More Evidence that Stealing Inventions is a Business Strategy
Last Updated on Thursday, 7 October 2010 09:00
Written by dbhalling
Thursday, 7 October 2010 09:00
I was reading a post on the myth of the first mover advantage, which intrigued me because I have argued essentially this point in my post, Invention – A Financial Analysis . One of the responses suggested the book, Copycats: How Smart Companies Use Imitation to Gain a Strategic Edge. The description of the book on Amazon states:
In the business world, imitation gets a bad rap. We see imitating firms as me too players, forced to copy because they have nothing original to offer. We pity their fate: a life of picking up crumbs discarded by innovators striding a path paved with fame and profit.
In Copycats, Oded Shenkar challenges this viewpoint. He reveals how imitation the exact or broad-brushed copying of an innovation is as critical to prosperity as innovation.
Shenkar shows how savvy imitators generate huge profits. They save not only on R&D costs but also on marketing and advertising investments made by first movers. And they avoid costly errors by observing and learning from others trials. (Emphasis Added)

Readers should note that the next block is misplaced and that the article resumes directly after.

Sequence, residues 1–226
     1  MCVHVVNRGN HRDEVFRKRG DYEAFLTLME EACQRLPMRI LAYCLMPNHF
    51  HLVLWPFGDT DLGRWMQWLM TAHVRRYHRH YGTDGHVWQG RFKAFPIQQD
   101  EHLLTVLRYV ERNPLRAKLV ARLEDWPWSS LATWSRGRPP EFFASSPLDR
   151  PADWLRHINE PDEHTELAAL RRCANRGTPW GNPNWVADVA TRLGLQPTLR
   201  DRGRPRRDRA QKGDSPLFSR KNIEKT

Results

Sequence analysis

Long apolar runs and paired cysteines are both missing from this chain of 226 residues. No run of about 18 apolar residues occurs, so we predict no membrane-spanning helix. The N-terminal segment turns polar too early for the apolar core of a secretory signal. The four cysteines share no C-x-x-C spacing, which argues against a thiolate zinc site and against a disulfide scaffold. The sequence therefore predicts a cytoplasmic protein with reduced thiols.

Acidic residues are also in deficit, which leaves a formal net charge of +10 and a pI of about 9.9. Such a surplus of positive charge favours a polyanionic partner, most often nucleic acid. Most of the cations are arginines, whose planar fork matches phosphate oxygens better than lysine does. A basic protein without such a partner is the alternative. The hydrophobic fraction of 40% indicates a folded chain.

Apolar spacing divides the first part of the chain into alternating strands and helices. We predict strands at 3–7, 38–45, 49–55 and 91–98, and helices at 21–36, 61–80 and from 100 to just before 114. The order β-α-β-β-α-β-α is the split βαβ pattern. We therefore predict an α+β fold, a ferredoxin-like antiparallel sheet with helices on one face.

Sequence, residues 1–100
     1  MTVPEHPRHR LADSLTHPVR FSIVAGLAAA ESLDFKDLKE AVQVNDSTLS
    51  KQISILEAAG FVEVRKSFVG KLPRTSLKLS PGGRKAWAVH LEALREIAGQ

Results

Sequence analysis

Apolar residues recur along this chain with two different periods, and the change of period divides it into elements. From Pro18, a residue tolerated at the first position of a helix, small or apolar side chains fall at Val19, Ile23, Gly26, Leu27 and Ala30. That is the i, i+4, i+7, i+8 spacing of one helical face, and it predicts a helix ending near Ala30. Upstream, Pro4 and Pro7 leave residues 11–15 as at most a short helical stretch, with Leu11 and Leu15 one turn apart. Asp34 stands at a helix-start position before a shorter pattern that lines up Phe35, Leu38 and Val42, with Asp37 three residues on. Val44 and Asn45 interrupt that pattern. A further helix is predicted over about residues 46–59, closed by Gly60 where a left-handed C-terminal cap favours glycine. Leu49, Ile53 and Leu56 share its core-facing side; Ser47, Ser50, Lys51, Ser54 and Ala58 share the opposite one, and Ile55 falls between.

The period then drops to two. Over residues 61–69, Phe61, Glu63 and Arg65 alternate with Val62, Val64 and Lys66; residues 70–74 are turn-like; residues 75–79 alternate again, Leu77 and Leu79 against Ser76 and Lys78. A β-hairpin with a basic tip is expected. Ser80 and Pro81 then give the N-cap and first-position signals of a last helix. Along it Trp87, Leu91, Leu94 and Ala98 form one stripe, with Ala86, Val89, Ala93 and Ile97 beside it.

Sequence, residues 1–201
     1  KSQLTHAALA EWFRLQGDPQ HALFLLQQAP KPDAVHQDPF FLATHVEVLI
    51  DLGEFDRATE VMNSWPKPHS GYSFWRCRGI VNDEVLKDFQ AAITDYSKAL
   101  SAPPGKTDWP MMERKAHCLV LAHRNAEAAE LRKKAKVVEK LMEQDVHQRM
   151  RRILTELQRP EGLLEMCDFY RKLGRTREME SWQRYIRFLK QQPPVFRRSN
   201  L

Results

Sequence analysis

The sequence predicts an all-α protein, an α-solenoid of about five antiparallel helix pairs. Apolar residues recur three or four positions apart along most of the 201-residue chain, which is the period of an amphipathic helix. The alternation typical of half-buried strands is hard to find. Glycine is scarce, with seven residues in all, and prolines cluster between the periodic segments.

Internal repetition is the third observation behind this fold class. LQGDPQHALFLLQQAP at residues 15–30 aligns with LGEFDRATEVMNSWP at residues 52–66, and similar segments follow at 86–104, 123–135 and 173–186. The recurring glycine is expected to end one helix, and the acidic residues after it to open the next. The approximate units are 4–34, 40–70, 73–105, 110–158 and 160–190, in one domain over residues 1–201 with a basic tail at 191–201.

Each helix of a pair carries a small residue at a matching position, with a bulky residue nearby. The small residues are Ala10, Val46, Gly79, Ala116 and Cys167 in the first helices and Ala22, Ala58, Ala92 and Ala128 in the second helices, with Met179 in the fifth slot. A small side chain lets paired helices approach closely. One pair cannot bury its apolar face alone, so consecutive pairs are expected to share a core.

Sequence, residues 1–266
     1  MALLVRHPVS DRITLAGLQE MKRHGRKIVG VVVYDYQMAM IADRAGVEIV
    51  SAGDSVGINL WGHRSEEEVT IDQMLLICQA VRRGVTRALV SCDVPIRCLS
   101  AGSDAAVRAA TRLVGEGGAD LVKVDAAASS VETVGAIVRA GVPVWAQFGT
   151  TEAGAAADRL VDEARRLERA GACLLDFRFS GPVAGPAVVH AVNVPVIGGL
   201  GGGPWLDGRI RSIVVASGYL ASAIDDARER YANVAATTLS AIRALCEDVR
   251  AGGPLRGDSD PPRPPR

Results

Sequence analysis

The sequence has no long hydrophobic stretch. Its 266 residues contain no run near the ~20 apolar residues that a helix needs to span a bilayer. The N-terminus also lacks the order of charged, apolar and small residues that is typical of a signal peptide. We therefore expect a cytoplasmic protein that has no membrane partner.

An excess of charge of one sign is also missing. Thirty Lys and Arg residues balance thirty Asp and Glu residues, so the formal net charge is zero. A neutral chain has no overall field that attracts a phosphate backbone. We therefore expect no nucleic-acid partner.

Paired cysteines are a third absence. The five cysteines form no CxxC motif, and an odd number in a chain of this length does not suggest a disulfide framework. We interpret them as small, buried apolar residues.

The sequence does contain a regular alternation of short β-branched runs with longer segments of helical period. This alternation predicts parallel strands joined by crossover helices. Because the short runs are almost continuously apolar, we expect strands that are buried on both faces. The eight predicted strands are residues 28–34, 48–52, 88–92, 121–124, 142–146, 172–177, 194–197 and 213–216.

I show in my post that without intellectual property rights that copycats will “save on R&D costs” and “marketing and advertising costs” compared to inventing firms. This book clearly argues for stealing the inventions and marketing efforts of inventors. There is nothing wrong with being a copycat firm, if you pay the inventor for their intellectual property. However, this is not what the author is suggesting. He is suggesting stealing the inventing and marketing efforts of innovators. According to the description of the book, the author suggests that copying is as critical to prosperity as innovation. Since you cannot copy an invention until it has been created, invention always proceeds copying. It is impossible for the effect, copying, to be as important as the cause, invention. This book may be providing good business advice in the present environment of weak patent rights, but it is dead wrong that imitation is as important invention for the economy. The only way to increase real per capita income is by increases in our level of technology. Only by properly protecting the rights of inventors can we encourage (private) invention and therefore increase our real per capita income. This book is sad statement on the US economy and its willingness to protect property rights.
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